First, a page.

Now anyone can get up close and personal with NBA All-Star LeBron James through a new virtual reality experience, Striving for Greatness.
The short film, which is a joint venture between James’ Uninterrupted multiplatform media company and Facebook’s (fb) Oculus Studio, was directed by leading virtual reality production house Felix & Paul Studios. It’s available for Oculus Rift and Samsung (ssnlf) Gear VR.
“While VR has many uses, its most powerful impact comes when people are given access to places and times that are impossible to visit otherwise,” says Max Cohen, head of mobile at Oculus. “For sports fans, VR can give you unprecedented access to your favorite athletes and team events. We knew sports was going to be an important category in VR, so we partnered with LeBron James and Uninterrupted to bring his story to the Oculus platform.”
Felix Lajeunesse, co-founder of Felix & Paul Studios, says the 12-minute, 360-degree film transports fans into the heart of James’ September pretraining process.
“They’ll feel like part of James’ training team as he trains at the basketball court, at the gym, at the beach, etc.,” Lajeunesse says. “Fans will share moments of proximity with the athlete as he opens up about his goals and challenges at this point of his career.”
Virtual reality gave Uninterrupted the chance to show how the Cleveland Cavaliers forward prepared for his 13th NBA season.
WATCH: Samsung enlisted superstar LeBron James to show off its Gear VR headset:
“VR offered us a way to do this that was more intimate and offered a unique perspective on his preparation,” says Amber Mayo, head of marketing for Uninterrupted. “We had seen plenty of experiences with VR, but we hadn't seen unique standalone storytelling. This gave us a chance to explore those possibilities.”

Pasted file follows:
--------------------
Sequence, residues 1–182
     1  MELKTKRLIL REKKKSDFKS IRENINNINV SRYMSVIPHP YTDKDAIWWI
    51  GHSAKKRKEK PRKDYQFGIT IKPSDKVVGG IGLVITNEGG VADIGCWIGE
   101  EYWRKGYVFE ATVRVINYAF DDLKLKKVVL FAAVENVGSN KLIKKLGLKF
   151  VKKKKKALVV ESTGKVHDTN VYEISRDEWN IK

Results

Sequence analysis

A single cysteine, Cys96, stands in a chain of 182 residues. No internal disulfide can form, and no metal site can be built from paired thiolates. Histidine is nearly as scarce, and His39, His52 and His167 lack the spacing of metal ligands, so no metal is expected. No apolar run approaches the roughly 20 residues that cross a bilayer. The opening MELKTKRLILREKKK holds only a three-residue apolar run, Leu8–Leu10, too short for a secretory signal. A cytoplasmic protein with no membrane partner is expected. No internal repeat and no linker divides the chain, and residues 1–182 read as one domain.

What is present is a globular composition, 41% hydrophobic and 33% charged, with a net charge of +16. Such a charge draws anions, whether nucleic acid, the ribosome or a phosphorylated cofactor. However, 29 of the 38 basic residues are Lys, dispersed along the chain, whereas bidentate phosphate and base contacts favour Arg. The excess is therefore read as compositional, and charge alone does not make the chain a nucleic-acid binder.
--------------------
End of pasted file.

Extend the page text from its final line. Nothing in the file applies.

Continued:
Felix & Paul Studios filmed all of the action with its internally developed 360-degree camera. The Montreal-based studio has been working in the new medium for two years, collaborating on projects like 20th Century Fox’s Wild: The Experience, Universal Pictures’ Jurassic World: Apatosaurus, and Cirque du Soleil’s Inside the Box of Kurios and Zarkana before directing Striving for Greatness.
“LeBron was very collaborative,” Lajeunesse says. “I believe he really enjoyed the process of filming for cinematic virtual reality. We encouraged LeBron to think of the VR camera as a person (to enhance the viewer’s sense of really being there) and he brilliantly did that.”
Fans really love the sequence that puts them in the car with James, Mayo says.
“You are next to him, his knees are almost hitting the seat in front of him and his son is in the backseat,” Mayo says. “It's that moment that you get to explore on your own, it makes it more intimate, more about a one-on-one experience. It draws you in in a way that hasn’t been shared previously.”
Cohen says Oculus helps content creators tell stories, and this can take the form of rendered content or live-action video capture.
“Video shot in 360—especially 360 3D video like this piece—serves a big need by transporting the viewer to a setting that can't be re-created with computer graphics,” Cohen says. “This story wasn't just a companion piece, it was a full documentation of LeBron's preparation, and the end result is something we are all very proud of.”
Get Data Sheet, Fortune’s technology newsletter.
Mayo says virtual reality is a medium Uninterrupted will explore moving forward.
“Having just completed Striving for Greatness, we are very excited about developing other potential stories,” Mayo says. “We are looking at VR as another great platform, along with Facebook 360, our social platforms, traditional video, etc. We are looking to find that next great story to tell in a unique way.”
Cohen says virtual reality is going to appeal to a tech-savvy demographic in the near term, but the early success of the LeBron experience proves it’s not just the popularity of an athlete that makes it great—it’s about telling an amazing story about an MVP's life in a way that brings people closer than ever before to someone they admire.